2. forgetting the instruction
  3. laxity and excitement. Laxity may be coarse or subtle. Lethargy is often also present, but is said to be less common.
  4. non-application
  5. over application

8 antidotes

The following 8 antidotes (pratipakṣa) or applications (abhi-saṁskāra) can be applied to overcome the 5 faults:

for laziness:

1) faith
2) aspiration
3) exertion
4) pliancy

for forgetting the instruction:

5) Mindfulness

for laxity and excitement:

6) awareness

for non-application:

7) application

for over-application:

8) non-application

6 Powers

6 powers are also needed for Śamatha:

  1. hearing
  2. thinking
  3. Mindfulness
  4. awareness
  5. effort
  6. familiarity

4 modes of mental engagement

4 modes of mental engagement (manaskāra) are said to be possible:

  1. forcible engagement
  2. interrupted engagement
  3. uninterrupted engagement
  4. spontaneous engagement

Mahāmudrā and Dzogchen

Śamatha is approached somewhat differently in the Mahāmudrā tradition as practiced in the Kagyu lineage.

As Traleg Kyabgon Rinpoche (1955–2012) explained,

In the practice of Mahāmudrā tranquillity meditation ... we treat all thoughts as the same in order to gain sufficient distance and detachment from our current mental state, which will allow us to ease naturally into a state of tranquillity without effort or contrivance ...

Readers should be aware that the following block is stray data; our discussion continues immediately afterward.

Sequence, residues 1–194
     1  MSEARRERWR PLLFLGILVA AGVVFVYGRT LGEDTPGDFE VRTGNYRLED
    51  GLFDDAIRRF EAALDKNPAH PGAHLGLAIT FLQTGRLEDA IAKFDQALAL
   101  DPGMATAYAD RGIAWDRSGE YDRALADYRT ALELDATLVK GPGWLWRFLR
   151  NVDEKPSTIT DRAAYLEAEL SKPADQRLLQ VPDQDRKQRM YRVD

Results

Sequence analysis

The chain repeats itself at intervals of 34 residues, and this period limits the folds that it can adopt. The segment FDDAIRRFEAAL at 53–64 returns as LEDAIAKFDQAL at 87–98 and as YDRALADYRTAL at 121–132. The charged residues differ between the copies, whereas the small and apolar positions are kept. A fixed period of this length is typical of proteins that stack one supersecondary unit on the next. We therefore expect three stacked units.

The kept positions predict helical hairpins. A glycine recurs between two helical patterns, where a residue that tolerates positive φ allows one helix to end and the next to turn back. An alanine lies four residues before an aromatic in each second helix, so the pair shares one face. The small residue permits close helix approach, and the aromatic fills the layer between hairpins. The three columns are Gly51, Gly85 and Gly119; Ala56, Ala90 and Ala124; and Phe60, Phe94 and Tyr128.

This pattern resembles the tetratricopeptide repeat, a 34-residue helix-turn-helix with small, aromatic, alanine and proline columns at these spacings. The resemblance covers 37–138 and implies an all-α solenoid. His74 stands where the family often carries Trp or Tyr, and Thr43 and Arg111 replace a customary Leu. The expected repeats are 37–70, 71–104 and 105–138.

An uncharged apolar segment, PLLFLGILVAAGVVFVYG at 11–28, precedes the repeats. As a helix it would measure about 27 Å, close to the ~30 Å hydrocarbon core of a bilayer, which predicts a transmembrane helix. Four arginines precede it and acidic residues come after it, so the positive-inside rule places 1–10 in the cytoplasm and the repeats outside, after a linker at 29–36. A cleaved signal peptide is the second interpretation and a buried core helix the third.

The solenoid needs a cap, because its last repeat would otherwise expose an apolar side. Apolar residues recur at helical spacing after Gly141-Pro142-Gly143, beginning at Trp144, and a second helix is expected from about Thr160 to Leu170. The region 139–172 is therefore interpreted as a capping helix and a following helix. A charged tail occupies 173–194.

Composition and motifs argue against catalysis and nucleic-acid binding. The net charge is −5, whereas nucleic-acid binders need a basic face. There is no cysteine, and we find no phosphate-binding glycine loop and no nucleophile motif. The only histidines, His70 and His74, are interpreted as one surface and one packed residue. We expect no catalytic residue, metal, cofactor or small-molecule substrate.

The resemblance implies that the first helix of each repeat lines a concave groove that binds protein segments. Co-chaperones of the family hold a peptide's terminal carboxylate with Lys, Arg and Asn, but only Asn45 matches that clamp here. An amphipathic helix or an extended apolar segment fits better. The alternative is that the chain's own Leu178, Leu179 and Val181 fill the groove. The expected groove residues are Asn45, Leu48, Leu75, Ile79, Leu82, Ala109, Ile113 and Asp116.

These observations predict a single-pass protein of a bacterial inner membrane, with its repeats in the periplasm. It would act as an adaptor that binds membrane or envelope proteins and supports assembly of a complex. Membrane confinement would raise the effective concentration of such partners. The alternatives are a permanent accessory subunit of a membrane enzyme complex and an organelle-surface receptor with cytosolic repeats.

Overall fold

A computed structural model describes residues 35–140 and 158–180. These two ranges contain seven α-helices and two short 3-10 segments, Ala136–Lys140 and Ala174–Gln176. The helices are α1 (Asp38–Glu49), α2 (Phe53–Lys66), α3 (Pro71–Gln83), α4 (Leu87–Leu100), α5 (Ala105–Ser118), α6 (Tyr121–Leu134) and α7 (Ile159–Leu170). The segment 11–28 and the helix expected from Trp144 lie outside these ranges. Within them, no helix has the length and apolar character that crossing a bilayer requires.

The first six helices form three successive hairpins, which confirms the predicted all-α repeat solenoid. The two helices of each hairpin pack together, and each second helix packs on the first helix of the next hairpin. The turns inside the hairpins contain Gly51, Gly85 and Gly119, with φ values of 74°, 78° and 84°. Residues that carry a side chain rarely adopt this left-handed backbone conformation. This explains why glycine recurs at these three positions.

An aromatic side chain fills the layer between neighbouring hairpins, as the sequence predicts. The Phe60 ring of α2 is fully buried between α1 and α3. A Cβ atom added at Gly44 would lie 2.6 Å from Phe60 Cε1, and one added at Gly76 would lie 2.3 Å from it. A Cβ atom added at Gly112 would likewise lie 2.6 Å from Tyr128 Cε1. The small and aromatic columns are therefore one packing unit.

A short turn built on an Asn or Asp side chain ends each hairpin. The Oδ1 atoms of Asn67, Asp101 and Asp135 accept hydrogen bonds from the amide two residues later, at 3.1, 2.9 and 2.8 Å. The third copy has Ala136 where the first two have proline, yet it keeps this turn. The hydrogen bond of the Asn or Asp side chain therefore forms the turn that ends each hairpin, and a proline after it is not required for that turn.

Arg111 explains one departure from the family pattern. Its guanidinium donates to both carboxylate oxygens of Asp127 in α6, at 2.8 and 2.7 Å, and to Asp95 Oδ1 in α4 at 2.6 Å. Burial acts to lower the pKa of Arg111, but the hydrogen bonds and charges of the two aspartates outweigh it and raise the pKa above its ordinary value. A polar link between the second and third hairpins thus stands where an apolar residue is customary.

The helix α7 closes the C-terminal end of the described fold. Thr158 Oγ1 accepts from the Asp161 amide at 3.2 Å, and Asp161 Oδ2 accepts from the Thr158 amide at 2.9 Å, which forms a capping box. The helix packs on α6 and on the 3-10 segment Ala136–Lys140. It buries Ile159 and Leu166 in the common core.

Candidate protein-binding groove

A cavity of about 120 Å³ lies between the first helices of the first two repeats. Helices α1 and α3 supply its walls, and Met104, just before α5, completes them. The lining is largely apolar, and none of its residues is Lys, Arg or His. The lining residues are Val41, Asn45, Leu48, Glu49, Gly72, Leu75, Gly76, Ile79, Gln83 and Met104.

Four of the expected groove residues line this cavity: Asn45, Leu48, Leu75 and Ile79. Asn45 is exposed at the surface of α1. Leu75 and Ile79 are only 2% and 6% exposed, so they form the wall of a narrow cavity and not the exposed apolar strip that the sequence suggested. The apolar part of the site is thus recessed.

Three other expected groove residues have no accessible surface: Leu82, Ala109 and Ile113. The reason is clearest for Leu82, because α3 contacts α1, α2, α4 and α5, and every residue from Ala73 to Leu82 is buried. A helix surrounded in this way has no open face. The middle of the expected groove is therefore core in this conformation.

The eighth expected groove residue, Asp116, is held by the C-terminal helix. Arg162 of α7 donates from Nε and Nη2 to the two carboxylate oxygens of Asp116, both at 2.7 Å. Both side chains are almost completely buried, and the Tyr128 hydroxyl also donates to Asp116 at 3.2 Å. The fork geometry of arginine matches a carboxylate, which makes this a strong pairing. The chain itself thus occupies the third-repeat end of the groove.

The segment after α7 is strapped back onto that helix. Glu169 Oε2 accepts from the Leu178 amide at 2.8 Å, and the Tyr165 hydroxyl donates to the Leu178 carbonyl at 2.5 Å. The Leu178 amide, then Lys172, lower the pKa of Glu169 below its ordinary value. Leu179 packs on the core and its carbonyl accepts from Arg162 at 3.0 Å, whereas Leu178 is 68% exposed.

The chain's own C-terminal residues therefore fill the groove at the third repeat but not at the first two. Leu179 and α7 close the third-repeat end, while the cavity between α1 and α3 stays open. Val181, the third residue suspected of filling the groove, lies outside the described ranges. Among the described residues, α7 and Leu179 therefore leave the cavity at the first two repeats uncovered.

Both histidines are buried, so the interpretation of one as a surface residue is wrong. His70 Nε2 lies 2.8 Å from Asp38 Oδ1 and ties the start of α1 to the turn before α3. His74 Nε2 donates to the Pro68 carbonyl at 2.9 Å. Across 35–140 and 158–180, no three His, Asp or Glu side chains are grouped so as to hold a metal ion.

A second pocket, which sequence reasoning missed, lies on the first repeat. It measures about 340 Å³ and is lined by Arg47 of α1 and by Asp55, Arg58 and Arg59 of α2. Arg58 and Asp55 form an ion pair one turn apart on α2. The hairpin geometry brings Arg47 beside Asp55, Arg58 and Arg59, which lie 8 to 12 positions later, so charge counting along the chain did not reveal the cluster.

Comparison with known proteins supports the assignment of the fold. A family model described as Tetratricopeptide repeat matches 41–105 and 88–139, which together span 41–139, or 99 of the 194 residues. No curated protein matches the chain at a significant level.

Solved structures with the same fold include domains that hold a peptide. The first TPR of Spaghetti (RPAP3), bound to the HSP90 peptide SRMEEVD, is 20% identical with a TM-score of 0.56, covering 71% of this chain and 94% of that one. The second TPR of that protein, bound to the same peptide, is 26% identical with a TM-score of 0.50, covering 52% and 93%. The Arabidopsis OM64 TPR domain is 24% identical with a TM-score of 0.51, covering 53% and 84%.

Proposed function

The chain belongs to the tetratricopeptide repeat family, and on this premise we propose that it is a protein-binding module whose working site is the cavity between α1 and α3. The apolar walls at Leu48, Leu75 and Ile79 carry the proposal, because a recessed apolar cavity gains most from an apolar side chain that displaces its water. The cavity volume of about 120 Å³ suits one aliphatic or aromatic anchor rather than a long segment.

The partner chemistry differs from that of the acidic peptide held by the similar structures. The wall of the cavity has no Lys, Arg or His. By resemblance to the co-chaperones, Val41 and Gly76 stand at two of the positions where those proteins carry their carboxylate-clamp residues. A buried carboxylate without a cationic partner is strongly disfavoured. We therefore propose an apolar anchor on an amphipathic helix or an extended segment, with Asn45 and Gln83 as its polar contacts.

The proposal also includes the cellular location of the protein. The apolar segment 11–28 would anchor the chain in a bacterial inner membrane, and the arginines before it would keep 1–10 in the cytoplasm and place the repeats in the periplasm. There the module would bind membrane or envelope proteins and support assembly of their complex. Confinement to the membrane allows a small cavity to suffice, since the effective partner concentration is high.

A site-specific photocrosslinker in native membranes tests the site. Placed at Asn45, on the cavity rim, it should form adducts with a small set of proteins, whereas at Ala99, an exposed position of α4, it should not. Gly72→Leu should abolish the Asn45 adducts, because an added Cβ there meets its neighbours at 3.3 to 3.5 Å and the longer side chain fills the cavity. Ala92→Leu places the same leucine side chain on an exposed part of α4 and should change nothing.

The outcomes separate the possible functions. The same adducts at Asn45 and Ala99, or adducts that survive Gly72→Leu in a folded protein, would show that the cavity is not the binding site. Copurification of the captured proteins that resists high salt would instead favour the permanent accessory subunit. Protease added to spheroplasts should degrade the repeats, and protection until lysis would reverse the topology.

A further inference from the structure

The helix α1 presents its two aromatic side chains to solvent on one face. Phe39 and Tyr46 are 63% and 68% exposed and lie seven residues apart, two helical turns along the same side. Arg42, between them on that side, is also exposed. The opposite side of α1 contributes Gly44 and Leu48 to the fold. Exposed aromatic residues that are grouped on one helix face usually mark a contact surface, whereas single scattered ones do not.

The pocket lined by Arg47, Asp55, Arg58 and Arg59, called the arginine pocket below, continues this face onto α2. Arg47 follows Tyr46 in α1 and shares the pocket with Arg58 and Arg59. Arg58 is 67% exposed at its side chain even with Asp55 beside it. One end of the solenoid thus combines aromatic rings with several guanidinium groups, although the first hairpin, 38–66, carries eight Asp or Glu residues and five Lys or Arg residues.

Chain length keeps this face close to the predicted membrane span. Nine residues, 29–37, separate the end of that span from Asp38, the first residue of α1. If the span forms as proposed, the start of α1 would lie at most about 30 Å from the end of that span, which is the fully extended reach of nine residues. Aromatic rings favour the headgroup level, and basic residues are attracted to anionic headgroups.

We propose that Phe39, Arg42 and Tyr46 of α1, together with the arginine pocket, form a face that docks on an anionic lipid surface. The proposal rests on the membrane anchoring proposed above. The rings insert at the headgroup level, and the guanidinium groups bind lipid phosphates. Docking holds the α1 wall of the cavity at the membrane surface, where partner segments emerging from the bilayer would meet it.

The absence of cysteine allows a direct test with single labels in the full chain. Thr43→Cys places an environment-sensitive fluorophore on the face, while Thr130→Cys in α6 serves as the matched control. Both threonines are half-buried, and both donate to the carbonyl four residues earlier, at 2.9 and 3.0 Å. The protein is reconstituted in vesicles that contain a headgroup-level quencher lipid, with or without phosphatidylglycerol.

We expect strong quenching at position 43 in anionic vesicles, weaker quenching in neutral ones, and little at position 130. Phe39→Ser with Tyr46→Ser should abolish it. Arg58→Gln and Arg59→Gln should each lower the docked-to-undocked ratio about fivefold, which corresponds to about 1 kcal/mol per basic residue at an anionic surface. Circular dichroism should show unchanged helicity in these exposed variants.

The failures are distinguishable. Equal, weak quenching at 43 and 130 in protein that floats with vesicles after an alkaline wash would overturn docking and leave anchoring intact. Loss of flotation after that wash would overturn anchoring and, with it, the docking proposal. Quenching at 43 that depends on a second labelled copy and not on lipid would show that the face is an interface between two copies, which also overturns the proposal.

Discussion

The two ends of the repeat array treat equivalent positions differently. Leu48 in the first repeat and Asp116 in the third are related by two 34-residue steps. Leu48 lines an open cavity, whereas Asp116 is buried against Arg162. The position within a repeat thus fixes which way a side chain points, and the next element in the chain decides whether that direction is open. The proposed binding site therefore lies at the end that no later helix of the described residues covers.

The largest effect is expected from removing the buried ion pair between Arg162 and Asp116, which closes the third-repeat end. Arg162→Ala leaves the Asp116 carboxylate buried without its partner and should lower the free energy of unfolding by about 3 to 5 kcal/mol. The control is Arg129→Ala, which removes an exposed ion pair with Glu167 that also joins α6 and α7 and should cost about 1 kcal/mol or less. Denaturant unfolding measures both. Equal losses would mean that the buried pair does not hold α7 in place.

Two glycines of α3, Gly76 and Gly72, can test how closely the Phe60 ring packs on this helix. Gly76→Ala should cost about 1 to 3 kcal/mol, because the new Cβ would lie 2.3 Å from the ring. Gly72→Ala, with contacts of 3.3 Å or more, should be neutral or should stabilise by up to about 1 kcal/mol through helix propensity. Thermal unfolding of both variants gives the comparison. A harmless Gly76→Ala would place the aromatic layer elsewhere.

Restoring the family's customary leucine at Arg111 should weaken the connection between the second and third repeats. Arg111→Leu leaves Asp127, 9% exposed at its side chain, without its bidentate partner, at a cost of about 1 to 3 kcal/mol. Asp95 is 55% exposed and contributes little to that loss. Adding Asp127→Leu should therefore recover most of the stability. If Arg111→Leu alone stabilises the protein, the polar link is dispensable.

In order for the Mind to settle, we need to suspend the value judgments that we impose on our mental activities ... it is essential that we not try to create a state of tranquillity but allow the Mind to enter into tranquillity naturally.

This is an important notion in the Mahāmudrā tradition, that of non-doing:

We do not do tranquillity meditation, we allow tranquillity to arise of its own accord, and it will do so only if we stop thinking of the meditative state as a thing that we need to do actively ...

In a manner of speaking, catching yourself in the act of distraction is the true test of tranquillity meditation, for what counts is not the ability to prevent thoughts or emotions from arising but the ability to catch ourselves in a particular mental or emotional state.

This is the very essence of tranquillity meditation in the context of Mahāmudrā ...

The Mahāmudrā style of meditation does not encourage us toward the different levels of meditative concentration traditionally described in the exoteric meditation manuals ...

From the Mahāmudrā point of view, we should not desire meditative equipoise nor have an aversion to discursive thoughts and conflicting emotions but view both of these states with equanimity.

Again, the significant point is not whether meditative equipoise is present but whether we are able to maintain awareness of our mental states.

If disturbing thoughts do arise, as they certainly will, we should simply recognize these thoughts and emotions as transient phenomena.

For the Kagyu, in the context of Mahāmudrā, Śamatha by means of Mindfulness of breathing is thought to be the ideal way for the meditator to transition into taking the Mind itself as the object of meditation and generating Vipassanā on that basis.

Quite similar is the approach to Śamatha found in Dzogchen Semde:

In the Semde system, Śamatha is the 1st of the 4 yogas (Tib. Naljor):

  1. Śamatha
  2. Vipassanā
  3. Non-duality
  4. Spontaneous Presence

These parallel the 4 yogas of Mahāmudrā.